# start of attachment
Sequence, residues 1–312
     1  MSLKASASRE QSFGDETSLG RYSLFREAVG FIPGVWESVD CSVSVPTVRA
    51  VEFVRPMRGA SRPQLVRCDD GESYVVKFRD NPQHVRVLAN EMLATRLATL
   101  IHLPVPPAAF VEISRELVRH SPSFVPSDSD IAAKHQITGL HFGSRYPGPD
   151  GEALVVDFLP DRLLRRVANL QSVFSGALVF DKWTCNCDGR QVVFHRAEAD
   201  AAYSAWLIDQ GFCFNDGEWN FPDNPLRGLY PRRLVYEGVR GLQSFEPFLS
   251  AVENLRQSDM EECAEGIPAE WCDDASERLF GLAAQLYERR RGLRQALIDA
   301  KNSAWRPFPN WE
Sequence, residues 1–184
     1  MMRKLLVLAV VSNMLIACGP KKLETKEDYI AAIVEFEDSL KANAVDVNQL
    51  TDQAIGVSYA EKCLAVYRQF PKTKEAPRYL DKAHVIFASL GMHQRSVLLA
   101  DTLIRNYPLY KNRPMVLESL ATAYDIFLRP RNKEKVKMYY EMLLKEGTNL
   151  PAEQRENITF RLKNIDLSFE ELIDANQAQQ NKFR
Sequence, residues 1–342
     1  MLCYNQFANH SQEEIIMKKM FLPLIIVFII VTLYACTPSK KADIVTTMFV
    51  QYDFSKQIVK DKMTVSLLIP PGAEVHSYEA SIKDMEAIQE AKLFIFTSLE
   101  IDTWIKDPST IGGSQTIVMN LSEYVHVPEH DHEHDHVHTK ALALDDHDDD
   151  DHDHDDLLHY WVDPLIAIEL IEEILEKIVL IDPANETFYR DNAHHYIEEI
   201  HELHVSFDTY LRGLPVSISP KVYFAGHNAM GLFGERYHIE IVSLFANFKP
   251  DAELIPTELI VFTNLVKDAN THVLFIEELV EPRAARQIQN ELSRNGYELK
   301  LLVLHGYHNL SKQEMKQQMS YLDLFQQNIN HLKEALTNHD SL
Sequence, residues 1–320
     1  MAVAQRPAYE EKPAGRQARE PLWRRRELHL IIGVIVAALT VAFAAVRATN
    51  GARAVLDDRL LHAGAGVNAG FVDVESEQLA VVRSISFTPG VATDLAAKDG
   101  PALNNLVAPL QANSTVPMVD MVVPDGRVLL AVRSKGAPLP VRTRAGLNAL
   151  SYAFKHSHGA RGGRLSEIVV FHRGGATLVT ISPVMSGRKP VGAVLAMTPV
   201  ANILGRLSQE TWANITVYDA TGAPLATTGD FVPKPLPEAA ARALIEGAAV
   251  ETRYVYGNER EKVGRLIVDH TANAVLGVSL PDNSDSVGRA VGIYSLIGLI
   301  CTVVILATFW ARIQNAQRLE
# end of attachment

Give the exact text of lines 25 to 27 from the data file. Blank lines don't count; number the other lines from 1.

   101  PALNNLVAPL QANSTVPMVD MVVPDGRVLL AVRSKGAPLP VRTRAGLNAL
   151  SYAFKHSHGA RGGRLSEIVV FHRGGATLVT ISPVMSGRKP VGAVLAMTPV
   201  ANILGRLSQE TWANITVYDA TGAPLATTGD FVPKPLPEAA ARALIEGAAV